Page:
OCT 26, 2020 6:53 AM PDT

A Network of Fungi Helps Trees Grow

WRITTEN BY: Carmen Leitch

Trees rely on a network of fungal friends for good health. Mycorrhizal (from the Greek “myco” fungus, and “rhizae” root) fungi occur naturally, and help trees in many ways. The fungi help the trees resist disease, prevent erosion, and absorb nutrients, for example. Scientists at the University of Alberta have now shown that adult tree growth is also connected to fungi that live in forest soil. The work has been reported in the Journal of Ecology.

Douglas firs in British Columbia / Credit: Carmen Leitch

"Large trees make up the bulk of the forest, so they drive what the forest is doing," said study author Joseph Birch, Ph.D., who led the study for his graduate thesis in the Faculty of Agricultural, Life & Environmental Sciences.

Fungi that colonize tree roots become like a kind of highway that water, nutrients, and other molecules including those that help trees defend against insect attacks, can use to flow among trees. Trees that are low in resources can therefore get some help from neighbors that have nutrients or other essentials to spare. This network makes trees "like family units that support one another in times of stress," Birch noted.

In this study, the researchers sampled the cores of 350 Douglas firs in British Columbia. These cores indicated that the annual growth of tree rings was related to the extent of their fungal connections with other trees. It seemed that greater tree growth was correlated with trees that were linked with more fungi and fungi that were more unique.

"We found that the more connected an adult tree is, the more it has significant growth advantages, which means the network could really influence large-scale important interactions in the forest, like carbon storage. If you have this network that is helping trees grow faster, that helps sequester more carbon year after year," explained Birch.

It may also be possible for trees that are growing faster to be more adaptable to droughts that are expected to intensify as the climate changes, he added.

"These networks may help them grow more steadily even as conditions become more stressful, and could even help buffer trees against death. It's a very dynamic system that is probably being broken apart and re-formed quite a bit, like family relationships, so we don't know how they will change under future climates either. Maybe a dry year or a beetle outbreak impacts the network," he continued.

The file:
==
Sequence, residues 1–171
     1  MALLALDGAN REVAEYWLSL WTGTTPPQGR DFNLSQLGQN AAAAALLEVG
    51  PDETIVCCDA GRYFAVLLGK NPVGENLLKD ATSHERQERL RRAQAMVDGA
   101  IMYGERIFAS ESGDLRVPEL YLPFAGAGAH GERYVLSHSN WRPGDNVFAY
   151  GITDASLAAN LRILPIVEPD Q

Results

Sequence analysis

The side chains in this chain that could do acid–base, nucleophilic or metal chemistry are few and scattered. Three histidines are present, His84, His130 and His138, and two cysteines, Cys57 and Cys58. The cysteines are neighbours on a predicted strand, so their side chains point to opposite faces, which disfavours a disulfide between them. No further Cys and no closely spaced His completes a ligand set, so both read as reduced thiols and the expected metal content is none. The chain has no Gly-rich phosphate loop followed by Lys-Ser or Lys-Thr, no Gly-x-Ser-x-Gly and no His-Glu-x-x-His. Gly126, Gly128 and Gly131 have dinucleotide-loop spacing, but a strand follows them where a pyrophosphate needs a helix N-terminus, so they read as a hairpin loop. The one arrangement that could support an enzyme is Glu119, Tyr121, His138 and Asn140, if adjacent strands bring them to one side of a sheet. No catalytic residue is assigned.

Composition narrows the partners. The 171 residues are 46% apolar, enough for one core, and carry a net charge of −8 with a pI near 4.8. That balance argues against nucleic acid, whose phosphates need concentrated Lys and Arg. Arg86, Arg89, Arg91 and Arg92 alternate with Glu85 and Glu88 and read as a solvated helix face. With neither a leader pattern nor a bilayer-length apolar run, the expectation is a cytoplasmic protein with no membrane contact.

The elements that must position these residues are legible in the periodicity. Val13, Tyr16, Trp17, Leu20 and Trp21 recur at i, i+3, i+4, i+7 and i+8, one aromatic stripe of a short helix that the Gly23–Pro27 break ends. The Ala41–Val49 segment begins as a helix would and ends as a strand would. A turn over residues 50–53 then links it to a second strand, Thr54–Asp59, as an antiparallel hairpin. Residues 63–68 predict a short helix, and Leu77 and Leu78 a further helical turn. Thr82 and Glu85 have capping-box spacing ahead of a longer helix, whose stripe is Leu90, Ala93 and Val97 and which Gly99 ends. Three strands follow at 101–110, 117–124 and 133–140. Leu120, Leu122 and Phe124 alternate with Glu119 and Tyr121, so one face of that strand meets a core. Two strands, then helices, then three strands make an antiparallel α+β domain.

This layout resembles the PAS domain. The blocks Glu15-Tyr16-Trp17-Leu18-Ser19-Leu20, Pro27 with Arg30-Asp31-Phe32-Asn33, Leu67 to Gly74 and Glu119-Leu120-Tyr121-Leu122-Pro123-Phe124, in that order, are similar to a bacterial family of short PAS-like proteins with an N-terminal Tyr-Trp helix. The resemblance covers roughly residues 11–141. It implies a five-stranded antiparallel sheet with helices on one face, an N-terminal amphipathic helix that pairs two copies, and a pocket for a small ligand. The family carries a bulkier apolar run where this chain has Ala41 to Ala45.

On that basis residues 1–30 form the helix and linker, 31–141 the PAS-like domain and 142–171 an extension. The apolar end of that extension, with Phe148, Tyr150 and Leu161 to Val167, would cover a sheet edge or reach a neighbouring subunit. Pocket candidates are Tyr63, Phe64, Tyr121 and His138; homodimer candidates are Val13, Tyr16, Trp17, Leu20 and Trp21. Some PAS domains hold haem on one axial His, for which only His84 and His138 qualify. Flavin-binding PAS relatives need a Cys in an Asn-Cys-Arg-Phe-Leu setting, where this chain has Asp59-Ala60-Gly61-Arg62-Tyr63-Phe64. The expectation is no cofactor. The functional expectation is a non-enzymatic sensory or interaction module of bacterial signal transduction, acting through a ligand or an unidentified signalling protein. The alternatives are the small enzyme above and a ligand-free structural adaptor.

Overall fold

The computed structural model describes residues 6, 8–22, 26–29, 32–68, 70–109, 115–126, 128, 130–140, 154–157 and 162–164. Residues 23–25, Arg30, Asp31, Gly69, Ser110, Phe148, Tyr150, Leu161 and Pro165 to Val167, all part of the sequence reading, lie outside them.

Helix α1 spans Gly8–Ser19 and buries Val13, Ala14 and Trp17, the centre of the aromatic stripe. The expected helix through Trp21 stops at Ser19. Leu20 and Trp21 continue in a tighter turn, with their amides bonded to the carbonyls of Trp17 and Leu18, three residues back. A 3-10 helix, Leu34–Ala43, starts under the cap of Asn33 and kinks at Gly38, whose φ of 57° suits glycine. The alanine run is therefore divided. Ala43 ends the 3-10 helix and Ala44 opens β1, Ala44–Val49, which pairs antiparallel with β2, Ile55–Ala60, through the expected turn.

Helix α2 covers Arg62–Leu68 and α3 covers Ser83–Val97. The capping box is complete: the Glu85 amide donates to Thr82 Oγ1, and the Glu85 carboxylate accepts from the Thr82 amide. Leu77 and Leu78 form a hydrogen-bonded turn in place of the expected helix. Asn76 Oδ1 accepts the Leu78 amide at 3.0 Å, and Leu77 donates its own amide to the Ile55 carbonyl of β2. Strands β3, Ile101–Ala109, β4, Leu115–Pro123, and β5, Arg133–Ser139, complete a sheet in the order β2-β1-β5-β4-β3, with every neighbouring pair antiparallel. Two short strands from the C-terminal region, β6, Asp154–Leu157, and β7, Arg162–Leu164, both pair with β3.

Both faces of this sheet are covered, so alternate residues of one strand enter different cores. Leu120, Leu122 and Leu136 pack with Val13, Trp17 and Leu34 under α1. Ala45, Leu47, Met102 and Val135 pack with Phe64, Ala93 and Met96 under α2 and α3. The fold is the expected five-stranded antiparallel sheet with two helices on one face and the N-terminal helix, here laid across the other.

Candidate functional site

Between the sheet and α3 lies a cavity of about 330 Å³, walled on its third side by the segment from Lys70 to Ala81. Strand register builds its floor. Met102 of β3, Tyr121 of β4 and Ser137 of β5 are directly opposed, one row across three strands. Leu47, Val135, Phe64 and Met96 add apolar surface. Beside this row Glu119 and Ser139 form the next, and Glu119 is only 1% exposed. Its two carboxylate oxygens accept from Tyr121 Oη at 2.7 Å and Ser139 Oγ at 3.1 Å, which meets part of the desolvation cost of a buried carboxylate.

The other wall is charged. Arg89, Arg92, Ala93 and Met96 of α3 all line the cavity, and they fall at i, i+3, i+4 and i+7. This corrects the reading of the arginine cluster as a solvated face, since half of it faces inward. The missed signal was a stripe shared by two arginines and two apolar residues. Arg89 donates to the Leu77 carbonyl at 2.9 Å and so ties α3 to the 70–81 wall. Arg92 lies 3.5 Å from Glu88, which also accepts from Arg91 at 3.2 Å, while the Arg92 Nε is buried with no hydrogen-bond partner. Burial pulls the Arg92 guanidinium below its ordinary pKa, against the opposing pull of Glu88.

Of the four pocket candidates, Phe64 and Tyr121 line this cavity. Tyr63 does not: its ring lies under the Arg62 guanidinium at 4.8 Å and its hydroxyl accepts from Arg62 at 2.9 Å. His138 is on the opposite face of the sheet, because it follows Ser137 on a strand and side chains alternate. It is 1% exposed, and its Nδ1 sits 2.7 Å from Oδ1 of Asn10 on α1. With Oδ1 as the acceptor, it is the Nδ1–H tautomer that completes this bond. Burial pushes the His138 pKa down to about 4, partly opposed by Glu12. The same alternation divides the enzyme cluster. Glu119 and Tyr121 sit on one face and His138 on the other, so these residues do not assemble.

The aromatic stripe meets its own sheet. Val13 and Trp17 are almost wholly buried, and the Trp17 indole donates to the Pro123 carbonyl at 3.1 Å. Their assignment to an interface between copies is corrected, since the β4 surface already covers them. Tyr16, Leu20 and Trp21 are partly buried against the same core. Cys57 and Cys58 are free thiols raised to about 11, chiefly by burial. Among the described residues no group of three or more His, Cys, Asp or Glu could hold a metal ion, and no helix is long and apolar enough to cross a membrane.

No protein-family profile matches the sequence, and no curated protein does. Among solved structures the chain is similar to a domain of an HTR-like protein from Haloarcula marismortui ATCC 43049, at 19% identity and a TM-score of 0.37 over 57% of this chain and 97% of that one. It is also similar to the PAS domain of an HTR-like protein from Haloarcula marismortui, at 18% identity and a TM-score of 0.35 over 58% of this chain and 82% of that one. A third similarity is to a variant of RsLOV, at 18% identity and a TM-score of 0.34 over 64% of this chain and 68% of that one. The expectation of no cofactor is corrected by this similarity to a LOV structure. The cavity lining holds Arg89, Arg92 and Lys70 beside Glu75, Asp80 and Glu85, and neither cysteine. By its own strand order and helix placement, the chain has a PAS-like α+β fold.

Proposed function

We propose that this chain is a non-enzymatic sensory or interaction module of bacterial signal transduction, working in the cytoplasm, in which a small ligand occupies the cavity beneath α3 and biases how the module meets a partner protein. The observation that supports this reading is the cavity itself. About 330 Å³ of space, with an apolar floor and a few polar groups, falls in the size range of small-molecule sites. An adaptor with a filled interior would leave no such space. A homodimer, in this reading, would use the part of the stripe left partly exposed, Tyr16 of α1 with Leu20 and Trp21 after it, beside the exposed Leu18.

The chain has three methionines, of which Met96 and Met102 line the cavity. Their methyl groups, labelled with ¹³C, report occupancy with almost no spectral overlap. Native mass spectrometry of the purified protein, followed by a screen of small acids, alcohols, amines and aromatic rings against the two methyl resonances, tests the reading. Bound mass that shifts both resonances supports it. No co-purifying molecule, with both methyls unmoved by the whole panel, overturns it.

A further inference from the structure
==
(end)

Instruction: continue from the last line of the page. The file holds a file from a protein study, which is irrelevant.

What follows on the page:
"Knowing whether fungal networks are operating the same way in other tree species could factor into how we reforest areas after harvesting them, and it could inform how we want to plant trees to preserve these networks."

Sources: AAAS/Eurekalert! via University of Alberta, Journal of Ecology

About the Author
  • Experienced research scientist and technical expert with authorships on over 30 peer-reviewed publications, traveler to over 70 countries, published photographer and internationally-exhibited painter, volunteer trained in disaster-response, CPR and DV counseling.
You May Also Like
NOV 01, 2021
Cell & Molecular Biology
How SARS-CoV-2 Evades Antiviral Defenses
NOV 01, 2021
How SARS-CoV-2 Evades Antiviral Defenses
Researchers have learned a lot about the SARS-CoV-2 virus since the start of the COVID-19 pandemic. We know that he viru ...
NOV 08, 2021
Coronavirus
Pfizer Claims Their New COVID-19 Pill Reduces Hospitalization Risk by 89%
NOV 08, 2021
Pfizer Claims Their New COVID-19 Pill Reduces Hospitalization Risk by 89%
Current treatments for COVID-19 have to be administered intravenously, so a pill that could treat patients would be huge ...
NOV 14, 2021
Cell & Molecular Biology
A Delivery System That Enables Gut Microbes to Communicate with the Body
NOV 14, 2021
A Delivery System That Enables Gut Microbes to Communicate with the Body
There are trillions of microbes that live in out gastrointestinal tract, and each one of those single-celled organisms h ...
NOV 22, 2021
Plants & Animals
The Lungfish is a Living Antimicrobial Sponge
NOV 22, 2021
The Lungfish is a Living Antimicrobial Sponge
African lungfish are incredible animals that survive in freshwater or on land. Research on lungfish has taught us more a ...
DEC 02, 2021
Microbiology
Antibodies Seem to Keep Gut Fungi in Check, Except in Crohn's Patients
DEC 02, 2021
Antibodies Seem to Keep Gut Fungi in Check, Except in Crohn's Patients
The bacteria that live in the gut microbiome have gotten a lot of attention, and for good reason; gut bacteria have been ...
DEC 28, 2021
Immunology
Blood-Sucking Worms No Match Against Vaccine Pill
DEC 28, 2021
Blood-Sucking Worms No Match Against Vaccine Pill
Ancylostoma caninum, a type of hookworm, attached to the intestinal mucosa. Image via Wikimedia Commons. Hookworms are b ...
Loading Comments...